UW Health Sports Medicine 

Back to business: Frederick returns to take over for Moffitt

<b>Travis Frederick is back on the field after redshirting last season and steps in at left guard following the departure of All-American John Moffitt.</b>

Travis Frederick is back on the field after redshirting last season and steps in at left guard following the departure of All-American John Moffitt.

April 21, 2011

First appeared in Varsity

MADISON, Wis. -- Whenever Travis Frederick lines up at left offensive guard, he does so with confidence knowing that he has been mentored by John Moffitt, the first-team All-Big Ten player that he's replacing.

"He really took me under his wing,'' Frederick said.

"He's definitely one of my favorites,'' Moffitt said.

You get the idea.

There's a mutual respect borne out of proximity dating to 2009 when Frederick, then a true freshman, opened the season as the starting center for the injured Peter Konz. (Dennis Lick, Bob Winckler and Cory Raymer started as UW freshmen on the O-line. But they didn't do so in the opener.)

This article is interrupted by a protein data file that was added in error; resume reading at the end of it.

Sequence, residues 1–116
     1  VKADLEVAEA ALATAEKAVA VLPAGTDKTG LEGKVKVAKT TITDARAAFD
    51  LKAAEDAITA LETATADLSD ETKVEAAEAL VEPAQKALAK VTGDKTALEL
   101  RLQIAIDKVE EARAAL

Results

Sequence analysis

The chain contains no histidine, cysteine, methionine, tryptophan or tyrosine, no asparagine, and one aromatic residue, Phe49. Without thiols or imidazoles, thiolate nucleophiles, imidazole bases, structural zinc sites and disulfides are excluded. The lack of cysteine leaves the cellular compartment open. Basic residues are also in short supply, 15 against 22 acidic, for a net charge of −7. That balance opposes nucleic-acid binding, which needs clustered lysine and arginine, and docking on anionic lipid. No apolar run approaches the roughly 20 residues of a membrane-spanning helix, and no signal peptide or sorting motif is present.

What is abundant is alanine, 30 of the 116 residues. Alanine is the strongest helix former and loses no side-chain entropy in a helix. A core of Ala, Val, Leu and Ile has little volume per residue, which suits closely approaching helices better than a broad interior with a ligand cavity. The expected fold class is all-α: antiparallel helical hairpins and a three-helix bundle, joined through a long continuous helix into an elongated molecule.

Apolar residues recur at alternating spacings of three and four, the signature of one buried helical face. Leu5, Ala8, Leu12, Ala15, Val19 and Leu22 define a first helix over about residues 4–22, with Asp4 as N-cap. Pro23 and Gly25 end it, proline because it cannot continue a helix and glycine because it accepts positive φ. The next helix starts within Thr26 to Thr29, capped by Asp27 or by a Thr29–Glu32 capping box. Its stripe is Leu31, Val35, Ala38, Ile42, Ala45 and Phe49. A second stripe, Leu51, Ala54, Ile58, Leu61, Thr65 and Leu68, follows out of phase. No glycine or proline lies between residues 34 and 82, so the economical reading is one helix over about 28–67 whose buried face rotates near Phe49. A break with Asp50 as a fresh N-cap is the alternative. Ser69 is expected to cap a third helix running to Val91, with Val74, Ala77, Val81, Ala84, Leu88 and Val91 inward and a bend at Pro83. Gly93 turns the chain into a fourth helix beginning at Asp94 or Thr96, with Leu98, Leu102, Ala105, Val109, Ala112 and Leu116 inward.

Moffitt would have been the logical choice to sub for Konz after starting all 13 games at center the year before. But Moffitt was also injured opening the door to Frederick and Jake Bscherer who was the starter for the first three games at left guard until Moffitt returned for the Big Ten opener.

Frederick started the first two games at center against Northern Illinois and Fresno State before getting injured himself. He then came back to start the final two games of the 2009 season at left guard for Moffitt who slid over to center to replace Konz, who was sidelined with a blood clots in his lungs.

Mike Lucas
UWBadgers.com Insider

"Right off the bat, he got rid of any angst you would have as a freshman,'' Moffitt said of Frederick. "And he dove right in and played well, too. I've always like the way he approaches things.''

The Badgers took a different approach with Frederick last season. Because of the depth along the offensive line, they asked him to redshirt and Frederick accepted knowing it was in his best interests "At first I was a little leery about it, but it turned out to be really good for me,'' he said.